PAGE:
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Re: [WebIDL] Passing null and undefined to DOMString things

From: Jonas Sicking <jonas@sicking.cc>
Date: Tue, 27 May 2008 15:38:29 -0700
Message-ID: <483C8D65.5030605@sicking.cc>
To: public-webapi@w3.org, Maciej Stachowiak <mjs@apple.com>, Ian Hickson <ian@hixie.ch>, Anne van Kesteren <annevk@opera.com>

It sounds like a bad idea to me that the default behavior for DOMString 
should be that null is converted to "null". I can't think of a single 
case where that is what you want to do.

Granted, this is partially due to a javascript spec "bug", null really 
should have serialized to "" rather than "null".

Since DOM Level 1 DOMStrings have had null as a legal value, so when 
passing null to a string argument there is usually no need to do any 

When passing null to a [NotNull] string argument I think we should do 
the same thing as when passing null to any other [NotNull] argument, 
which IMHO should mean throwing.

Though looking at the spec it no longer looks possible to say that a 
function excepting an object doesn't want null. Was that removed or was 
it never there? I thought that was how this whole thing started, so that 
we could for example mark up that Node.appendChild does not accept null 
as a valid argument.

/ Jonas

Cameron McCormack wrote:
> I’ve made DOMString an intrinsic type in the IDL now (to avoid the
> “polite fiction”, as Maciej put it ☺).  I’ve also replaced [NoNull]
> with [Null] and [Undefined], which can be used to specify how null and
> undefined are treated when passed as an operation argument or assigned
> to an attribute.
>   http://dev.w3.org/cvsweb/~checkout~/2006/webapi/Binding4DOM/Overview.html?rev=1.73&content-type=text/html;%20charset=utf-8#idl-DOMString
>   http://dev.w3.org/cvsweb/~checkout~/2006/webapi/Binding4DOM/Overview.html?rev=1.73&content-type=text/html;%20charset=utf-8#Null
>   http://dev.w3.org/cvsweb/~checkout~/2006/webapi/Binding4DOM/Overview.html?rev=1.73&content-type=text/html;%20charset=utf-8#Undefined
> Cameron McCormack:
>>> [treating null as ""]
> Maciej Stachowiak:
>> It needs to for many standard DOM methods. Most core DOM methods that  
>> take namespaces treat a null namespaceURI or prefix parameter the same  
>> as the empty string, not the same as the string "null".
> I still think that for namespace URIs, the null value is what represents
> no namespace, while "" can just be used as an alias for this.  This is
> what DOM 3 Core says:
>   Applications should use the value null as the namespaceURI  parameter
>   for methods if they wish to have no namespace. In programming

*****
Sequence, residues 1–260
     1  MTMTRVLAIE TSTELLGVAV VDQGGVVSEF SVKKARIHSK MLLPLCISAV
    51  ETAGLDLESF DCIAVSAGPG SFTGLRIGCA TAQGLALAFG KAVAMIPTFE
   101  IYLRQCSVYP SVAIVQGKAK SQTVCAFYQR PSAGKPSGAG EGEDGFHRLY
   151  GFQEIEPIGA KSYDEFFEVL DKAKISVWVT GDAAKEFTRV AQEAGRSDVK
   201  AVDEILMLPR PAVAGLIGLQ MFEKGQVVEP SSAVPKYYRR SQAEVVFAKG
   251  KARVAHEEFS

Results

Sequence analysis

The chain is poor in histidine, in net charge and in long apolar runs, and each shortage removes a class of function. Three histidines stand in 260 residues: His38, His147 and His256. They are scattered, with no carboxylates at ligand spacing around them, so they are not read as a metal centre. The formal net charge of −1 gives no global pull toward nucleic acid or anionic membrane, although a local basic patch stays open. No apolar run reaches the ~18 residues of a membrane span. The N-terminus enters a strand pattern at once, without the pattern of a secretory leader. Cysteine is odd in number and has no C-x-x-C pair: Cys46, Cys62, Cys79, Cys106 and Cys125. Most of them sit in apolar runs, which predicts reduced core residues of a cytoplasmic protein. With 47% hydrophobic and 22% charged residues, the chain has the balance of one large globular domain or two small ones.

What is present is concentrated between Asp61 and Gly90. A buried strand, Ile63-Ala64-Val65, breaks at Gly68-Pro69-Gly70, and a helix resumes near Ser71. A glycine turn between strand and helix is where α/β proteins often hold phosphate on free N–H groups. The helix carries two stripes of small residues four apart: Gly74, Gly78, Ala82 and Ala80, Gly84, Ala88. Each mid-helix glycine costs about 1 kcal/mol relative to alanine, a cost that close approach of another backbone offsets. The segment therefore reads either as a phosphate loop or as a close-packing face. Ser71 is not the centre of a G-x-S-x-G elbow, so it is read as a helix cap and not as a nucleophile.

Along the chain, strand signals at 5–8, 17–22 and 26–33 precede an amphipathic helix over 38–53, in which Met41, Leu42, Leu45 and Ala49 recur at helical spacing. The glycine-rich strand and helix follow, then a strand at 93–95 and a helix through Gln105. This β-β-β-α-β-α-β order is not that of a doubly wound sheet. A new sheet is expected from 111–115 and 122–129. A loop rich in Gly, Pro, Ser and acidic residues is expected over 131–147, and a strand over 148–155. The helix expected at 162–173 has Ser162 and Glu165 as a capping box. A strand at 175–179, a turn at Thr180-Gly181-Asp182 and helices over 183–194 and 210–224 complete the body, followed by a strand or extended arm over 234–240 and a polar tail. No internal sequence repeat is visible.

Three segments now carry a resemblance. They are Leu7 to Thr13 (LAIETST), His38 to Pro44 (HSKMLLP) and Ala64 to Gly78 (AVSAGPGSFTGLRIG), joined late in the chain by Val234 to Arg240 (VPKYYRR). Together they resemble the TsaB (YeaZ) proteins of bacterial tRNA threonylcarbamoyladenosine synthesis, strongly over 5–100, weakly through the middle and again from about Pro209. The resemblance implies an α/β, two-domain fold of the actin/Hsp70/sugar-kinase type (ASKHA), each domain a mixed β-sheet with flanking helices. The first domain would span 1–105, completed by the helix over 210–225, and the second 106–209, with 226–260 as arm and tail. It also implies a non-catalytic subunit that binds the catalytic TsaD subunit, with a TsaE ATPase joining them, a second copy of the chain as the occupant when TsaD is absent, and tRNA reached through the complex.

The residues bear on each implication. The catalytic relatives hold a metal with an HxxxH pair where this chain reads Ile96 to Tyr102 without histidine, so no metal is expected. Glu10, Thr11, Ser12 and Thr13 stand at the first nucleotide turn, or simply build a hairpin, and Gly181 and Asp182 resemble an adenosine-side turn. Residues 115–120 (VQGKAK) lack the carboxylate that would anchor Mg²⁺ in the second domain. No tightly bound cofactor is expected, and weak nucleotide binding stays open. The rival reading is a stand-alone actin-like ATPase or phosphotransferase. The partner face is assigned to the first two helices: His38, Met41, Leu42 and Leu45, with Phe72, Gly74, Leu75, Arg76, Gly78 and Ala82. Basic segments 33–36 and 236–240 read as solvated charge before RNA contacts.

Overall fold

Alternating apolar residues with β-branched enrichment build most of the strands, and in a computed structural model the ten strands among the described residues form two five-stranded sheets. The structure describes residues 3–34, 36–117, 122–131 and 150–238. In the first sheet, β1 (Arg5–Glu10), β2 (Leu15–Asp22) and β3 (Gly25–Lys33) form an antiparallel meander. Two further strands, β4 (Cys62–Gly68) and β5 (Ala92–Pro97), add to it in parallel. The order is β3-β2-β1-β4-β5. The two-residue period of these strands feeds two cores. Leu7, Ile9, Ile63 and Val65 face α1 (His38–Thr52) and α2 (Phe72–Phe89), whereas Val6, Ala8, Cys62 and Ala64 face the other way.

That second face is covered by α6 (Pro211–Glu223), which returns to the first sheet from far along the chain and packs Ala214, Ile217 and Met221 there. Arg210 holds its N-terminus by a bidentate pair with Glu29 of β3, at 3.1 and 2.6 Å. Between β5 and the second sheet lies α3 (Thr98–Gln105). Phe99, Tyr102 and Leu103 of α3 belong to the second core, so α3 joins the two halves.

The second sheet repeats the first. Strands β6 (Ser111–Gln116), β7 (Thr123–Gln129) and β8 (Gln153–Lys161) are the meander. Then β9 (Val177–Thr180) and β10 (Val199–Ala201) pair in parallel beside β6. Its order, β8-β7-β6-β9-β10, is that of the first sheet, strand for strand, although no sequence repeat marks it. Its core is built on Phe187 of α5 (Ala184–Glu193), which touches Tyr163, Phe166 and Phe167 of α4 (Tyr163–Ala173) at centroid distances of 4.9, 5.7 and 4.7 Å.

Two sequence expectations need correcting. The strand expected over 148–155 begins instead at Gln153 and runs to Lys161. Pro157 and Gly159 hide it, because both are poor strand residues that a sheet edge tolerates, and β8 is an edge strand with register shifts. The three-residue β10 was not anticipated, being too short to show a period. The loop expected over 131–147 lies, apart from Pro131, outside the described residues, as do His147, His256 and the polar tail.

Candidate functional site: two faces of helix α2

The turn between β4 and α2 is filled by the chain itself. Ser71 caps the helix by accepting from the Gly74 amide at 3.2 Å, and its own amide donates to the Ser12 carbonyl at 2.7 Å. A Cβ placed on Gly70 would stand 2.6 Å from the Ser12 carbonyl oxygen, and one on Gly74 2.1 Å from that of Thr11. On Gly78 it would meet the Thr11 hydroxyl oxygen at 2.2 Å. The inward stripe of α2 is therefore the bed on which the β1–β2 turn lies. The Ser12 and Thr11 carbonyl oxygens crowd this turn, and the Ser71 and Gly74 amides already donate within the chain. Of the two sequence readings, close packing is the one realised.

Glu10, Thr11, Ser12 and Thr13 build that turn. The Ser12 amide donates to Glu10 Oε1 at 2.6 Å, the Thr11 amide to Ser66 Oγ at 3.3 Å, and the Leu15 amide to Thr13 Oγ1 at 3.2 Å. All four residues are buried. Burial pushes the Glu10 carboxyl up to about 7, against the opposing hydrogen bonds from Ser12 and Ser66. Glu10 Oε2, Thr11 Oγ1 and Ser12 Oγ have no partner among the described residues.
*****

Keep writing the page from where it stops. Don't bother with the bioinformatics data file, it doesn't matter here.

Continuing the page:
>   languages where empty strings can be differentiated from null, empty
>   strings, when given as a namespace URI, are converted to null. This is
>   true even though the DOM does no lexical checking of URIs.
>    — http://www.w3.org/TR/2004/REC-DOM-Level-3-Core-20040407/core.html#Namespaces-Considerations
> Maciej Stachowiak:
>>> I think DOM properties (and sometimes methods and function arguments) 
>>> vary on this. Some use the raw ECMAScript ToString algorithm. Others 
>>> additionally map the null value to the empty string instead of "null". 
>>> Still others map the undefined value to "undefined". Some do both. I am 
>>> pretty sure that for compatibility reasons you can't just do the same 
>>> for each, so we may as well just define and test the legacy behavior for 
>>> each one. Whatever is most common can be the default, and others can be 
>>> marked up in the IDL appropriately.
> Ian Hickson:
>> For both DOMString attributes and DOMString arguments, we have the 
>> following ways to handle null and undefined:
> …
>> I think what we need is for WebIDL to have annotations for these cases, 
>> which can be prefixed in front of any occurance of "DOMString" in any IDL 
>> block, and then we can work down the APIs and check each DOMString 
>> occurance and work out which the UAs are doing. Say:
>>    [Null=Null, Undefined=Null]
>>    [Null=Null, Undefined=Empty]
>>    [Null=Empty, Undefined=Empty]
>>    [Null=Null, Undefined=String]
>>    [Null=Empty, Undefined=String]
>>    [Null=String, Undefined=String]
>> ...so that we can do, e.g.:
>>    Window open([Null=String, Undefined=String] in DOMString url,
>>                [Null=String, Undefined=Empty] in DOMString name,
>>                [Null=Empty, Undefined=Empty] in DOMString features);
>> ...or whatever is appropriate.
> I have replaced [NoNull] with [Null] and [Undefined].  The default
> behaviour for both null and undefined is to stringify, since that seemed
> to be most common in some (not completely extensive) tests that I did:
>   http://mcc.id.au/2007/05/binding-tests/tests/test.pl?id=061
>   http://mcc.id.au/2007/05/binding-tests/tests/test.pl?id=062
> So now you can specify [Null=Null], [Null=Empty], [Undefined=Null],
> [Undefined=Empty].  You cannot specify stringification though; that’s
> just the behaviour if the extended attribute is omitted.
> Although stringifying null to "null" is more common than passing it
> through, I sort of feel like [Null=Null] should be the default, since I
> still think of null being one of the values in the DOMString type.  But
> at least as it is now, the two extended attributes are consistent (they
> both take either Null or Empty).
> Cameron McCormack:
>>> Should the Bindings spec require that the constructor return an object
>>> that implements that interface?
> Anne van Kesteren:
>> That would make sense I think.
> That’s done now.
>> Also, when will Web IDL define all the DOMString versus null versus  
>> undefined thingies? XMLHttpRequest needs some of that too.
> As above.
Received on Tuesday, 27 May 2008 22:41:17 UTC

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